Some of my peers and even teachers claim that violence and war are part of human nature and that nothing can be done to change this. What is your response to this?
First, thanks for the question and for your support.
A far too common assertion for those benefiting from oppression or otherwise beholden to dominant systems of oppression is that violence and war is inevitable because of is part of “human nature.” Winston Churchill is famously quoted for saying, “the story of the human race is war,” for example.
Our first response to this is, ‘so what?’ All sorts of things occur regularly (rape, murder, abuse of power, etc) and could thus conceivably be described as ‘natural,’ (“the story of human history is rape and gender-domination/slavery and rule/corruption by rulers/etc”) yet all societies at some level consistently attempt to mitigate such phenomenon through social norming and legal authority. This idea that violence and war is somehow different and shouldn’t be subjected to fierce regulation is beyond strange.
At one time or another in many parts of the world, slavery was justified as natural. Yet, this was always at times when slavery prevailed as a social system and it was always the slaver-owners who were the main engines of such theories. The same could be said about those who qualify war as natural to the human condition for they themselves are often benefiting from ongoing war.
Through the critical study of history, we learn not to take words, initial verdicts or self-identification at face value, but to delve deeper into what various phenomena truly represent. No doubt, slavers, colonizers and rapists have always attempted to justify their actions through great words and spin their own narratives during their tenure (‘the slaves are better off under White society,’ ‘there is no such thing as native civilization,’ ‘she deserved it’). And, they have always maintained that they were something other than slavers (‘paternal civilizing figures’), colonizers (‘crusaders for Christianity’) and rapists (‘real men’).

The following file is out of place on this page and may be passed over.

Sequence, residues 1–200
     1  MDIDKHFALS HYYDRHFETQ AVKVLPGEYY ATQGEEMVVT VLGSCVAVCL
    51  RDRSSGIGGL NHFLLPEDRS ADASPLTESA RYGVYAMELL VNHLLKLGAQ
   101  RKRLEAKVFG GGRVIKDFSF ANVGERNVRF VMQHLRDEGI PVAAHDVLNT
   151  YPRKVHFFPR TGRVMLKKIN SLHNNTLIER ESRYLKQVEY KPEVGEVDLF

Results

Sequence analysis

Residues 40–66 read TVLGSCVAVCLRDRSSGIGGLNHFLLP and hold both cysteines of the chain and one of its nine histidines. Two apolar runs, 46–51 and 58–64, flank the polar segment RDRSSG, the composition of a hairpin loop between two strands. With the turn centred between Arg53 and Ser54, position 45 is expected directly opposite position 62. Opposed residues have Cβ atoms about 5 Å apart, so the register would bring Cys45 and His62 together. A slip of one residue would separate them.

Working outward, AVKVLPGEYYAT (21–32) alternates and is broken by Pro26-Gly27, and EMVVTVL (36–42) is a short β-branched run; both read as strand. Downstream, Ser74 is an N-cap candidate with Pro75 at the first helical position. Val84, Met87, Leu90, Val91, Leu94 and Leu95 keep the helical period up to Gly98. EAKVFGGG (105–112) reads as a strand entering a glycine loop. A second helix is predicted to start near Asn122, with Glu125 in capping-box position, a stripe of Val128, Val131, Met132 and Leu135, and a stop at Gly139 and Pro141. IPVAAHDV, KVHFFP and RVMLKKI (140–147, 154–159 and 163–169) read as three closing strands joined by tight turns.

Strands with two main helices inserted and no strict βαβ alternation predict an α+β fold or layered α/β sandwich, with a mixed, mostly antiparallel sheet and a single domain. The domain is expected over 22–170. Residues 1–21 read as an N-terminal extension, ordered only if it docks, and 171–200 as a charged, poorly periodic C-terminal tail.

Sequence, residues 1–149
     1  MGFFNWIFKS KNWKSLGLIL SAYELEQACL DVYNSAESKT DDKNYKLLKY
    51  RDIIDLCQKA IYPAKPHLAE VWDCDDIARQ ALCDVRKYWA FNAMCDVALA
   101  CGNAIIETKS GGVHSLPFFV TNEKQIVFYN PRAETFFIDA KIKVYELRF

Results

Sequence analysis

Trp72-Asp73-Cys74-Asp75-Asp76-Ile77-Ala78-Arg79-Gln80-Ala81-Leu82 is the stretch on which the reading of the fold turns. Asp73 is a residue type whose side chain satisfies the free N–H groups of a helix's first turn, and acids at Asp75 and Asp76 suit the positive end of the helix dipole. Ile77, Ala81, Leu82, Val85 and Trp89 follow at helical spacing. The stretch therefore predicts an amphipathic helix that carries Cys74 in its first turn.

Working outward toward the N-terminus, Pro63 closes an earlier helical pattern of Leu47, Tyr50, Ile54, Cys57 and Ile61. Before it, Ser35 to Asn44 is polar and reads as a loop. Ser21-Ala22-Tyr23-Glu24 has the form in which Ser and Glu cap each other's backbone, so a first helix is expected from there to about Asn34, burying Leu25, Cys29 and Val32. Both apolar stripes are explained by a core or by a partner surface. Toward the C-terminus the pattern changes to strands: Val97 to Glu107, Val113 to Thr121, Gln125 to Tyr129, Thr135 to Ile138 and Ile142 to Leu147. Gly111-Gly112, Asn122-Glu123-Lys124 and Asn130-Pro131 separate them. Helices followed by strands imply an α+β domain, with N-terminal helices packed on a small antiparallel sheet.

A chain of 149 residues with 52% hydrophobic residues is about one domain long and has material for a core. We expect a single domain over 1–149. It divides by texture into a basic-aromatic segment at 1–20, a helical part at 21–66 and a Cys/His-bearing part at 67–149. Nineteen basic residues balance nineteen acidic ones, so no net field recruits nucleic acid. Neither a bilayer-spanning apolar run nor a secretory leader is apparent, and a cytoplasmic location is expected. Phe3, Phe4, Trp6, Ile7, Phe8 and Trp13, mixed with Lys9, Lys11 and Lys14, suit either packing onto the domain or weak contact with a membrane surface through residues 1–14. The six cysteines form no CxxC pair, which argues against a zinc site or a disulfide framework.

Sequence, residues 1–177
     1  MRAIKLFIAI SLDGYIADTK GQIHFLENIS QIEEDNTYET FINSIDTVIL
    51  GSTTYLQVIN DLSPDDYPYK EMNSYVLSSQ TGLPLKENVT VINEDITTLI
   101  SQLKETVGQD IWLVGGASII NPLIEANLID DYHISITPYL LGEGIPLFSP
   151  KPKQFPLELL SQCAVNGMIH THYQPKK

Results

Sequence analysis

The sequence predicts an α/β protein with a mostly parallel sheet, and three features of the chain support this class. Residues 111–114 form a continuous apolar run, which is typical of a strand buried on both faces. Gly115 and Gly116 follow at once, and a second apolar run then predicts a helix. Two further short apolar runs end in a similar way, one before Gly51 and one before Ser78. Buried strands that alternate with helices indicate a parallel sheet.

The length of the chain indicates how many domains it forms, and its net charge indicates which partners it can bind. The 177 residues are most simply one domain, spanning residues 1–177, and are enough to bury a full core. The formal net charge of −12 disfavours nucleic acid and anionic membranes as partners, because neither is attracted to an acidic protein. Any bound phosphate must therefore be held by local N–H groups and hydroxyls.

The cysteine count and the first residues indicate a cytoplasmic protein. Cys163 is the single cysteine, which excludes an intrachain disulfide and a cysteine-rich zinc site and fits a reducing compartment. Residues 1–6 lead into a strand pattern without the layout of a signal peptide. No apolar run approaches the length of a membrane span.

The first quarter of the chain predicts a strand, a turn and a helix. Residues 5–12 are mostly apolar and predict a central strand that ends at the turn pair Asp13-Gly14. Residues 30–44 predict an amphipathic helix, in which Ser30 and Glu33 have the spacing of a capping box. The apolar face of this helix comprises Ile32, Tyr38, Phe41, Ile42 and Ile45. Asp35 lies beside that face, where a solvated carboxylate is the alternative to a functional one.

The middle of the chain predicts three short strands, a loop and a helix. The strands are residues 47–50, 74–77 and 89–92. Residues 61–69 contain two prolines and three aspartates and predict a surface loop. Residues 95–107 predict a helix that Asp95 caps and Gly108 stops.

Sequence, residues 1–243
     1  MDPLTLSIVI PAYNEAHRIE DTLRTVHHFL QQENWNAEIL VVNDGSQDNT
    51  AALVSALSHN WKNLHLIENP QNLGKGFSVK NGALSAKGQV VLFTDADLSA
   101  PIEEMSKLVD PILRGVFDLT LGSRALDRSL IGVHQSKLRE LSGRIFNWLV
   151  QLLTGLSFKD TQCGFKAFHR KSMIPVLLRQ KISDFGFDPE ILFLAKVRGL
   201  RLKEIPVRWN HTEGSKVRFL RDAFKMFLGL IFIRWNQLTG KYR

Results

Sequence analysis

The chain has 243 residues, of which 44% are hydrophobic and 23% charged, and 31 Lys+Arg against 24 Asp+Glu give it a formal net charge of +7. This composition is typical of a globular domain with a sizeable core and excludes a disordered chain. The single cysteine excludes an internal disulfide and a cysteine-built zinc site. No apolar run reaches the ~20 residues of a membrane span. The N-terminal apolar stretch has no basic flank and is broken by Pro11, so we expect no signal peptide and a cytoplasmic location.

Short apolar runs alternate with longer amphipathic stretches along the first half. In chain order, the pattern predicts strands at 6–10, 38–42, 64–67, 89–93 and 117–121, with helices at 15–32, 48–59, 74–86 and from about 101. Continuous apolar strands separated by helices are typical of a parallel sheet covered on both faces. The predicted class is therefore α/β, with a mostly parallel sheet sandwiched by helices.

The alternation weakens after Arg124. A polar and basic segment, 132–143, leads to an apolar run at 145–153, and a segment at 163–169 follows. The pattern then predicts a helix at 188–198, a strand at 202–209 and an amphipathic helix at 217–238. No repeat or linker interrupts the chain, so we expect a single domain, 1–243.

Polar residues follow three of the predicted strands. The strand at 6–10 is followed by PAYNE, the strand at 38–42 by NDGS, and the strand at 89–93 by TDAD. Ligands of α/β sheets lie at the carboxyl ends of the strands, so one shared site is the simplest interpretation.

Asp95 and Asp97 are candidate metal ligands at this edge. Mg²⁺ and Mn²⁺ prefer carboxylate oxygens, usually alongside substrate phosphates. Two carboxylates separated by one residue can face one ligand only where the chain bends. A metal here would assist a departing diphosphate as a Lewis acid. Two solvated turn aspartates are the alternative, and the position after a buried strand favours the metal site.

That said, the idea that war is natural is a fascistic concept. Nazis promote a similar idea: that hierarchy and conflicts to enforce hierarchy are natural, and that attempts to mitigate such hierarchies through European ‘Social Democracy’ or Russian ‘Communism’ would enviably weaken the whole position of a society. Then they launched a war to conquer or liquidate dozens of nations and oppressed minorities to manifest the Third Reich: to re-institute the ‘natural’ order of violence and hierarchy throughout Europe and beyond. Today, the idea that war is ‘natural’ is mainly promoted by modern Nazis, i.e. people who stand to benefit from the periodic conflict necessary to main the neo-colonial order.
Violence and war, like many other acts (empathy and love, for example), are part of human capability but not all of it. Under the current system [capitalism-imperialism] or part of any particular system of oppression, violence and war become inevitable (and not always rationally directed) because of irresolvable social conflicts between those situated as oppressors and the oppressed. These social conflicts tend to occur in four general ways. First, between oppressors vying for relative status over each other and over the oppressed. Second and third, between the oppressors and the oppressed (the former attempt to extend or maintain the subjugation of the latter; or, the latter attempting to assert sovereign autonomy against the former). Lastly, conflict occurs between the oppressed when the lack of an alternative leads to the adoption an oppressor mindset and action, creating a hierarchy at the bottom which itself becomes entrenched as part of the system. Conflict, in this manner, though not always manifested as ‘violence’ and ‘war’ in its common usage, is both the result of a system of oppression, and in some cases, has the ability to fundamentally transform such social relations (namely, the third listed form of conflict).